SPOILER ALERT! ~ Auriculotherapy involves stimulating specific points in the ear with needles, electrical stimulation, probes or fingers ~ When the right point is stimulated, endorphins are released. They are the feel-good hormones. ~ Studies show that it helps reduce anxiety in certain cases
Auriculotherapy is a practice in traditional Chinese medicine that is a combination of reflexology and acupuncture. It is believed that the outer part of the ear consists of several points that are connected to other organs in the body.
An anatomical map of the body on the outer ear
By stimulating a specific point on the ear, some signal is sent to the brain and specific organ to elicit adjustment and balance of the physiological function. More specifically, the ear is thought to represent a map of the body in which each point is connected to another organ in the body, and thus stimulating one particular point further stimulates the corresponding organ.
Stimulation can be performed via needles, vaccaria seeds, probes and fingers, direct electrical stimulation of points on the ears, and/or laser. Once a point is stimulated, endorphins are released into the blood, which is believed to be instrumental in the anxiolytic (i.e., reduce anxiety) effects of this therapy.
Reducing stress and anxiety
Endorphins are known as the feel-good hormone, because it is associated with pain and stress reduction. Increased levels of this hormone trigger a decrease in adrenaline, which contributes to increased positive feelings and decreased anxiety.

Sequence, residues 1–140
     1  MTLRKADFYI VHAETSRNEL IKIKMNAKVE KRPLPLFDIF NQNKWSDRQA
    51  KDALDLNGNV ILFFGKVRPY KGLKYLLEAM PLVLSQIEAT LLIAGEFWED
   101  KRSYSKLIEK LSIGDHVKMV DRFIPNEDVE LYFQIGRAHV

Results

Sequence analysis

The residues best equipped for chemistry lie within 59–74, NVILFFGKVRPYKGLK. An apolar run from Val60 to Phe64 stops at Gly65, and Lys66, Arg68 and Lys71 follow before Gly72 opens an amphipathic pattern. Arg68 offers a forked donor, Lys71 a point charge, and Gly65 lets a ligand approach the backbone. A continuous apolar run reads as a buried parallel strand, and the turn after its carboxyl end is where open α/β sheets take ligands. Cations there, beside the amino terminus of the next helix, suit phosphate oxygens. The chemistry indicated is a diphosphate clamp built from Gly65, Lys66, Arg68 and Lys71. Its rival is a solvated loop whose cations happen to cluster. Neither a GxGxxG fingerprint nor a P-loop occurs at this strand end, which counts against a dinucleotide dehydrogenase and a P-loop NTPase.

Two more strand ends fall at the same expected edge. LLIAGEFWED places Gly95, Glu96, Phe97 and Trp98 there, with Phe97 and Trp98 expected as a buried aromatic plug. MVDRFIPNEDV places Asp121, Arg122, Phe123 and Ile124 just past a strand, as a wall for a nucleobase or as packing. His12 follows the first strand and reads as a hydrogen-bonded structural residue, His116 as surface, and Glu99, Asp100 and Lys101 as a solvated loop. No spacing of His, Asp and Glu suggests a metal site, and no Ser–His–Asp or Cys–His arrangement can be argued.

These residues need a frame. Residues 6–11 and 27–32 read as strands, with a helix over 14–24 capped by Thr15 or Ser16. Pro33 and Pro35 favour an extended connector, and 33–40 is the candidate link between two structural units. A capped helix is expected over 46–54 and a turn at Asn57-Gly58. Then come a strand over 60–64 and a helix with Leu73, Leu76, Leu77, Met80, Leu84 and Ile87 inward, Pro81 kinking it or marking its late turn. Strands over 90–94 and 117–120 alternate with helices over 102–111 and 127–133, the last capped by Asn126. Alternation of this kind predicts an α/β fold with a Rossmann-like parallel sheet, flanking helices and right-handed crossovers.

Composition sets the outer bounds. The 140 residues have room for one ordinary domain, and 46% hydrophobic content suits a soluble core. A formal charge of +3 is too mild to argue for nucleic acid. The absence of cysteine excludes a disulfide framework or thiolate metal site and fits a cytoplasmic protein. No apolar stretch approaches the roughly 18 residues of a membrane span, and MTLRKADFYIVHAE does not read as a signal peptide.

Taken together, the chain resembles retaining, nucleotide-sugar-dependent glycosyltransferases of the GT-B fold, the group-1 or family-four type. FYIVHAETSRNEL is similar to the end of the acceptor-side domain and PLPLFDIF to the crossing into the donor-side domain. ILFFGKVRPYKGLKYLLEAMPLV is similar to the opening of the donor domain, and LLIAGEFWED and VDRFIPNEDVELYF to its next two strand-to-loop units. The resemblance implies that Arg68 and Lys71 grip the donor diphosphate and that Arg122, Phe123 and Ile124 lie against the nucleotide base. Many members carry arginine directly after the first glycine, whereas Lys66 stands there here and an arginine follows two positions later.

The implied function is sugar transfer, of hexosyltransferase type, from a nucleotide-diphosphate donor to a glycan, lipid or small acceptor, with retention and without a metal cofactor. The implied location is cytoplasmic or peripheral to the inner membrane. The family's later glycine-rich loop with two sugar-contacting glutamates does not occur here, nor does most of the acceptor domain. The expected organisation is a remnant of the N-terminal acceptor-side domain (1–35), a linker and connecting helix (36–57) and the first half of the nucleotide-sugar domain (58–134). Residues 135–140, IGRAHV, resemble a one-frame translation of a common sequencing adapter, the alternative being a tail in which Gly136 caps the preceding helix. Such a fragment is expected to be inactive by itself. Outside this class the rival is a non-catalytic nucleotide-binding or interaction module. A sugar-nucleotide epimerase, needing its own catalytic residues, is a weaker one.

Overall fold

There is evidence supporting the anxiolytic effects of auriculotherapy in healthy adults as well as in patients with multiple sclerosis. In addition, it was found to reduce stress and depression in both groups. This therapy is also effective in the treatment of drug and alcohol abuse, dementia, insomnia, pain and headache associated with traumatic brain injury.
One particular study highlights 6 points in the ear that play a major role in those positive effects. Shenmen, Kidney, Autonomic Nervous system, Heart, Brain Stem, and Liver Yang 1 and 2 are frequent points used in protocols designed to reduce stress, anxiety and depression. Each one is named after the corresponding organ to which it is connected. Shenmen , however, means “Spirit Gate” and refers to energy in the body.
When Shenmen is stimulated, it is believed to help relieve energy blockage within our spirit, mind and emotions, resulting in calming, sometimes sedative effects. The Autonomic Nervous System regulates the sympathetic (i.e., “fight or flight”) and parasympathetic (i.e., calming) branches, contributing to relaxation. Similarly, the Brain Stem also induces calm.
Liver Yang 1 and 2 contribute to the energetic pattern of stress, Kidney has energetic and invigorating properties, and finally the Heart controls blood circulation, mental and emotional activities promoting sedative and relaxing effects.
No adverse side effects have been observed with the exception of bleeding and headaches at the needle application site and local pain. However, more research is needed to establish the number of treatment sessions and frequency required for its effectiveness in reducing anxiety, stress and depression.
Corrêa HP, Moura CC, Azevedo C, Bernardes MFVG, Mata LRFPD, Chianca TCM. Effects of auriculotherapy on stress, anxiety and depression in adults and older adults: a systematic review. Rev Esc Enferm USP. 2020 Oct 26;54:e03626. Portuguese, English. doi: 10.1590/S1980-220X2019006703626. PMID: 33111737.
Valiani, Mahboubeh & Ashtari, F. & Mansourian, Marjan. (2018). The Effect of Auriculotherapy on Stress, Anxiety, and Depression in MS Patients: A Double Blind Randomized Clinical Control Trial (Parallel Design). 10.13140/RG.2.2.31461.86241.